Roller bearings are the earliest known type of rolling-element-bearing, dating back to at least 40 BC.
Spherical roller
A spherical roller bearing
Main article: Spherical roller bearing

Spherical roller bearings have an outer ring with an internal spherical shape. The rollers are thicker in the middle and thinner at the ends. Spherical roller bearings can thus accommodate both static and dynamic misalignment. However, spherical rollers are difficult to produce and thus expensive, and the bearings have higher friction than an ideal cylindrical or tapered roller bearing since there will be a certain amount of sliding between rolling elements and rings.
Gear bearing
A gear bearing
Main article: Gear bearing

Gear bearing is roller bearing combining to epicyclical gear. Each element of it is represented by concentric alternation of rollers and gearwheels with equality of roller(s) diameter(s) to gearwheel(s) pitch diameter(s). The widths of conjugated rollers and gearwheels in pairs are the same. The engagement is herringbone or with the skew end faces to realize efficient rolling axial contact. The downside to this bearing is manufacturing complexity. Gear bearings could be used, for example, as efficient rotary suspension, kinematically simplified planetary gear mechanism in measuring instruments and watches.
Tapered roller
A tapered roller bearing
Main article: Tapered roller bearing

Tapered roller bearings use conical rollers that run on conical races. Most roller bearings only take radial or axial loads, but tapered roller bearings support both radial and axial loads, and generally can carry higher loads than ball bearings due to greater contact area. Tapered roller bearings are used, for example, as the wheel bearings of most wheeled land vehicles. The downsides to this bearing is that due to manufacturing complexities, tapered roller bearings are usually more expensive than ball bearings; and additionally under heavy loads the tapered roller is like a wedge and bearing loads tend to try to eject the roller; the force from the collar which keeps the roller in the bearing adds to bearing friction compared to ball bearings.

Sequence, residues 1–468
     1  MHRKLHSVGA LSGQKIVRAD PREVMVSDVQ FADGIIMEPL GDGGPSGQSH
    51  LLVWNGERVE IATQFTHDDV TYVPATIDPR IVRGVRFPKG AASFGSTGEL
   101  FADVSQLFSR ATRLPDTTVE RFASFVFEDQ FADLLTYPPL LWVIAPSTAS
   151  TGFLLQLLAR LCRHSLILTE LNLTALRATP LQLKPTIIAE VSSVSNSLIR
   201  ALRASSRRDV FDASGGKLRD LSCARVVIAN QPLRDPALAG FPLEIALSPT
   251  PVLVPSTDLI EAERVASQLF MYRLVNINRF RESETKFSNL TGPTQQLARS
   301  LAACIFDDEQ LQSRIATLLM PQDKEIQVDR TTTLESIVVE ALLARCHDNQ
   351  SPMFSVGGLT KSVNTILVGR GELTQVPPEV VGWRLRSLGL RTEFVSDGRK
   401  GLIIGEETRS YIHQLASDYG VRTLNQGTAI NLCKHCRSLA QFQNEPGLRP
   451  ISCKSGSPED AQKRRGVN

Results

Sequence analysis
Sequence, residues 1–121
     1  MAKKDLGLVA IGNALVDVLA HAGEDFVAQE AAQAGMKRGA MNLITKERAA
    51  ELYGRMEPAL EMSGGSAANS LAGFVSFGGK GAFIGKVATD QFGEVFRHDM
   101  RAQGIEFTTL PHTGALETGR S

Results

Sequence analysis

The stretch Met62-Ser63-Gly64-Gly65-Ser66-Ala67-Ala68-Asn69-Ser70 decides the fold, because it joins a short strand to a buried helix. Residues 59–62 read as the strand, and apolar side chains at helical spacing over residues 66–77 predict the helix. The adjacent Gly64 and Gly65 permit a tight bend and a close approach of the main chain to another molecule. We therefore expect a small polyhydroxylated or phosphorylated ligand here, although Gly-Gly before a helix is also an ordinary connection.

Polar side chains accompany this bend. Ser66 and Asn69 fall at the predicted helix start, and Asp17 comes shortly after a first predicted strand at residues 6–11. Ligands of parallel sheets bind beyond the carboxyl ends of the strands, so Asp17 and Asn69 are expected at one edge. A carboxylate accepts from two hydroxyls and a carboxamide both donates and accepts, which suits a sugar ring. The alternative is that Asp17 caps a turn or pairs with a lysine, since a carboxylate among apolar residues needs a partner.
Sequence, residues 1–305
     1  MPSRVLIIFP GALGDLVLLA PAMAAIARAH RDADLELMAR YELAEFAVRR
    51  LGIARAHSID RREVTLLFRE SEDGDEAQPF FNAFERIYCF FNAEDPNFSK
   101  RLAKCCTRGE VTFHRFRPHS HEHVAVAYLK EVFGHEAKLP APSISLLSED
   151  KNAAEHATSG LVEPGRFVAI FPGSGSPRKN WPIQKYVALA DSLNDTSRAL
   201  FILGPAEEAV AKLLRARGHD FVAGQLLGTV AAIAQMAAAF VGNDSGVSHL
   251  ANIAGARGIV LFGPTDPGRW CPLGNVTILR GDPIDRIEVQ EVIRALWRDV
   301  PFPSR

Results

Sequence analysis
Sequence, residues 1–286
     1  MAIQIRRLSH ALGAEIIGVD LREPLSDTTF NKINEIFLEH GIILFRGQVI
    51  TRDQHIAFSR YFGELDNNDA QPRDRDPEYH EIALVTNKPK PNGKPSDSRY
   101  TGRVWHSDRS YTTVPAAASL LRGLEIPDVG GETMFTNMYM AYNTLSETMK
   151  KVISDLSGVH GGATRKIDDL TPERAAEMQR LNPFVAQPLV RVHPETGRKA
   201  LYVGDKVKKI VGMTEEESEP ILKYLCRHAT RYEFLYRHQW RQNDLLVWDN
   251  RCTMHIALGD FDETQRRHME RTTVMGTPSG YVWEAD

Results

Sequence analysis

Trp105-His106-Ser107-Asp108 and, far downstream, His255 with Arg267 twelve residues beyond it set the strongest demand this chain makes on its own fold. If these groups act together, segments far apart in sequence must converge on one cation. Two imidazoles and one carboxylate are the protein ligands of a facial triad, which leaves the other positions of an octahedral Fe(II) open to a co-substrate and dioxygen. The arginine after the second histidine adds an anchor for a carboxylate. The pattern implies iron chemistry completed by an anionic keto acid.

Needle roller
A needle roller bearing
Main article: Needle roller bearing

Needle roller bearings use very long and thin cylinders. Often the ends of the rollers taper to points, and these are used to keep the rollers captive, or they may be hemispherical and not captive but held by the shaft itself or a similar arrangement. Since the rollers are thin, the outside diameter of the bearing is only slightly larger than the hole in the middle. However, the small-diameter rollers must bend sharply where they contact the races, and thus the bearing fatigues relatively quickly.
CARB toroidal roller bearings

CARB bearings are toroidal roller bearings and similar to spherical roller bearings, but can accommodate both angular misalignment and also axial displacement.Compared to a spherical roller bearing, their radius of curvature is longer than a spherical radius would be, making them an intermediate form between spherical and cylindrical rollers. Their limitation is that, like a cylindrical roller, they do not locate axially. CARB bearings are typically used in pairs with a locating bearing, such as a spherical roller bearing.This non-locating bearing can be an advantage, as it can be used to allow a shaft and a housing to undergo thermal expansion independently.

Toroidal roller bearings were introduced in 1995 by SKF as "CARB bearings".The inventor behind the bearing was the engineer Magnus Kellström.


Designation